War II, and as recorded also in the extraordinary letters he wrote from prison
to friends and especially to family members, the most important of whom was
not his wife Julka but rather a sister-in-law, Tania Schucht. She was the person
most intimately and unceasingly involved in his prison life, since she had resided
in Rome for many years and was in a position to provide him not only with a
regular exchange of thoughts and feelings in letter form but with articles of
clothing and with numerous foods and medicines he sorely needed to survive the
grinding daily routine of prison life.
After being sentenced on June 4, 1928, with other Italian Communist leaders,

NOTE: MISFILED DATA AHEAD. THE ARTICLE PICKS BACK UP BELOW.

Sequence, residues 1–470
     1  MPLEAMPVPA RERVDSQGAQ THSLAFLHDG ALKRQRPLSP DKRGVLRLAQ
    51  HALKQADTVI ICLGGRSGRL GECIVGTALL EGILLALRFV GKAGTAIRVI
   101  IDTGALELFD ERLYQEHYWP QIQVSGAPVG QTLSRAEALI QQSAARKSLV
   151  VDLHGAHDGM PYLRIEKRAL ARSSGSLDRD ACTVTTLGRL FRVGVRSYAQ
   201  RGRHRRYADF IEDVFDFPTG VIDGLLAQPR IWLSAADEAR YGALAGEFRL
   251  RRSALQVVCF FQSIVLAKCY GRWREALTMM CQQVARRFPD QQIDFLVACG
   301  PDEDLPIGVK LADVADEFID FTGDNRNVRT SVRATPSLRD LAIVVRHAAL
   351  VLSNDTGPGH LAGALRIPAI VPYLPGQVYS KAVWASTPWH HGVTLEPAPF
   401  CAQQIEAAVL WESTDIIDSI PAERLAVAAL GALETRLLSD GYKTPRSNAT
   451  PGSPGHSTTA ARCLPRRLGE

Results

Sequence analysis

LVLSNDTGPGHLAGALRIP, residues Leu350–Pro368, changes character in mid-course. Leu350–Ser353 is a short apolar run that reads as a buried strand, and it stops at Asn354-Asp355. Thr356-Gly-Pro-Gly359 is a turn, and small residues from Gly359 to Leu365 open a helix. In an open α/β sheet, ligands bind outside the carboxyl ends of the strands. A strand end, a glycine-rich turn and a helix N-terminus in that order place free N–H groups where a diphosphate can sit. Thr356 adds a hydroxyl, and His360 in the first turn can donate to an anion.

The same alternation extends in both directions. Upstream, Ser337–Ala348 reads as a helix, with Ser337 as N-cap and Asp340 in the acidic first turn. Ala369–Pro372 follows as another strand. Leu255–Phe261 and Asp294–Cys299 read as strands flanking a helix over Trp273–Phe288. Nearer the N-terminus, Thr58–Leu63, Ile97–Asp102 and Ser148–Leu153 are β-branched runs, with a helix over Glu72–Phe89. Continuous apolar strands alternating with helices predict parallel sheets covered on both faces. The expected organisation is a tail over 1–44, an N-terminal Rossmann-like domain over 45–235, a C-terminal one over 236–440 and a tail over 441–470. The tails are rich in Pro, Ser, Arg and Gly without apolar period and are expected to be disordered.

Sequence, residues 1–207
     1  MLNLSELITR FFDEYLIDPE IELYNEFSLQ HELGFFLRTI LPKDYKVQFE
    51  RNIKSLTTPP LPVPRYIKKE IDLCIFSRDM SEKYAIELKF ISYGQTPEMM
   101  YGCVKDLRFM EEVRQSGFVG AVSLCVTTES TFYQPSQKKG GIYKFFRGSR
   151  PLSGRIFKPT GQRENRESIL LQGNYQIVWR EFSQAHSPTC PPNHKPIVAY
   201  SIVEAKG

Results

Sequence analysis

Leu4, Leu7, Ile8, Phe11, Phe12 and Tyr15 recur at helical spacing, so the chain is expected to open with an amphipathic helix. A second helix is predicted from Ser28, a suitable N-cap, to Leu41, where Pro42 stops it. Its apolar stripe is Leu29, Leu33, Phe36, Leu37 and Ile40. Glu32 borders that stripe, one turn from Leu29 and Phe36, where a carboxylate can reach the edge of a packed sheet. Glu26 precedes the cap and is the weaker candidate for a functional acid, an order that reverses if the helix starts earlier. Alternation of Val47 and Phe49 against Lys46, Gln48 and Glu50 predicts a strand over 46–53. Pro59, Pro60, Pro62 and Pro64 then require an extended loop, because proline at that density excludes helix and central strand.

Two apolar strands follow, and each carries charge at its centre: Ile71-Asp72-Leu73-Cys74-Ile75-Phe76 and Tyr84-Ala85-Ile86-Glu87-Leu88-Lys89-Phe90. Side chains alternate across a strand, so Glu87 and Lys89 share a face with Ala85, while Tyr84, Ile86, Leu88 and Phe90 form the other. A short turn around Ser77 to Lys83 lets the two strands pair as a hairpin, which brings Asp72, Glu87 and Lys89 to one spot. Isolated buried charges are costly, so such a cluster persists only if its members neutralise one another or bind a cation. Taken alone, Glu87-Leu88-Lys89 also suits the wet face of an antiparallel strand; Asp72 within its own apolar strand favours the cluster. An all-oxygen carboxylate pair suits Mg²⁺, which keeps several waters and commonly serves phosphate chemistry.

to 20 years, 4 months and 5 days in prison, Gramsci was consigned to a prison
in Turi, in the province of Bari, which turned out to be his longest place of
detention (June 1928 -- November 1933). Thereafter he was under police guard
at a clinic in Formia, from which he was transferred in August 1935, always
under guard, to the Quisisana Hospital in Rome. It was there that he spent the
last two years of his life. Among the people, in addition to Tania, who helped
him either by writing to him or by visiting him when possible, were his mother
Giuseppina, who died in 1933, his brother Carlo, his sisters Teresina and Grazietta,
and his good friend, the economist Piero Sraffa, who throughout Gramsci's prison
ordeal provided a crucial and indispenable service to Gramsci. Sraffa used his
personal funds and numerous professional contacts that were necessary in order
to obtain the books and periodicals Gramsci needed in prison. Gramsci had a